Sunday, April 24, 2011

Wendy's and Dave Thomas' Images of Waiting Children

We love the Dave Thomas Foundation for Adoption. They do a lot of great work encouraging people to adopt kids from foster care--among the most notable achievements are the federal tax breaks Dave successfully advocated for in the 90s and of course Wendy's fast food restaurant which dedicates a percentage of its profits to adoption.  
I remember growing up knowing that Wendy's was special because Wendy was adopted and it was a positive thing. (I didn't realize that Dave was the adopted one and the daughter he named the restaurant after was his biological child--probably because I wanted so badly to know another adopted daughter and therefore chose to believe she was a fellow adoptee. She also had crazy hair.) 
These days I don't spend time gazing out the window of my parents' car looking for Wendy's restaurants. But I do get e-mails from the Dave Thomas Foundation. I appreciate all the work they do, but I have to say that sometimes I feel uneasy about the images of waiting children they use in promotions. 
Maybe because the images could play into that old "rescue the child" attitude. The pictured kids are often alone, gazing upward, as if waiting to be picked up.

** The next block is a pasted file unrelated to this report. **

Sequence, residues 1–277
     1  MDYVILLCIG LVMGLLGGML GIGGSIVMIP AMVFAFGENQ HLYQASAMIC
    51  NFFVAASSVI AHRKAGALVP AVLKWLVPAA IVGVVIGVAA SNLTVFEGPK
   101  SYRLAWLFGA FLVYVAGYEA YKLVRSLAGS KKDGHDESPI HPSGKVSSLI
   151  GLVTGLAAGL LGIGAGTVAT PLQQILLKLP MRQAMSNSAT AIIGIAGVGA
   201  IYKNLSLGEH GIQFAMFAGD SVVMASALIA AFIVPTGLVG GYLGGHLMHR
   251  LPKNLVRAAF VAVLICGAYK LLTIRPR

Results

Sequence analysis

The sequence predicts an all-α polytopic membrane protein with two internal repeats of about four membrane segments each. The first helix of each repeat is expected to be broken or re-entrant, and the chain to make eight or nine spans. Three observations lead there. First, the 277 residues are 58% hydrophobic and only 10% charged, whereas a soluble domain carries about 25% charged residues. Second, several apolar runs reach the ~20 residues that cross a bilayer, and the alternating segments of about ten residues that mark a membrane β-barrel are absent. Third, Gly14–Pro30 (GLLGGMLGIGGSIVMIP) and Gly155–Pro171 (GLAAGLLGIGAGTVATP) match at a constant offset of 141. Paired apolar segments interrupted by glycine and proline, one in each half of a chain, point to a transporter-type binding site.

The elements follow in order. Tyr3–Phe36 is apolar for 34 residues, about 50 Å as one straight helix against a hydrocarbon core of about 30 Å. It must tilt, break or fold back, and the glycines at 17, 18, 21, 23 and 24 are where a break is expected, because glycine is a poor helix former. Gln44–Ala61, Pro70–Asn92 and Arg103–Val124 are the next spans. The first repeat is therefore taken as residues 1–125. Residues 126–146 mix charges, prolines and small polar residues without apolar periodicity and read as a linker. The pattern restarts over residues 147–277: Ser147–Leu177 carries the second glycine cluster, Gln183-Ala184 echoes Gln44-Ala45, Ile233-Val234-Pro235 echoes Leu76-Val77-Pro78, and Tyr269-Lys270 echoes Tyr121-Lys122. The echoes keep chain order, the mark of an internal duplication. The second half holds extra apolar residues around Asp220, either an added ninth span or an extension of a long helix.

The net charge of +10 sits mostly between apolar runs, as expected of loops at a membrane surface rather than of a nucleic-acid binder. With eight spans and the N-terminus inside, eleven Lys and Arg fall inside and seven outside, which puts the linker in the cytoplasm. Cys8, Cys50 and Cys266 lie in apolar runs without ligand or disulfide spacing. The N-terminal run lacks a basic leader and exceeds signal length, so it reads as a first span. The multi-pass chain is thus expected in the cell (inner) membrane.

You want to reach into the poster and hold the kid.

Which is the point.

But yet there's more to it. Yes, you are helping a child when you foster or adopt, but if you start with a "missionary" mindset and expect the child to be ever grateful and good because you saved them from certain squalor, the child is probably going to experience feelings of anger and resentment at some point. It's demoralizing to be thought of as a charity case.

Images, in advertising especially, tend not to invite complexity. They activate viewers' emotions much faster than words do. This probably has something to do with the right brain/left brain thing that a linguist or psychologist would know more about than me. What bothers me is that the emotion these images evoke is a troubling one: pity.

Don't simply pity the poor orphan. Too easy. From what I've seen, that attitude reduces the situation and can lead to unrealistic expectations. Respect the child as a full person who probably won't think of you as a savior and be okay with that. Do step into adoption or foster care, but do it with recognition of the child's hurts and struggles and have an openness to learn from the child. Adoption isn't a rescue mission--it's a paradox of torn flowers.

1 comment:

Sunday Koffron said...

Adoption is one if not the only chance of permanency currently available for our foster kids, so I support their efforts. But adoption as a "mission" or as a way to bring more souls into the fold makes me very, very, queasy.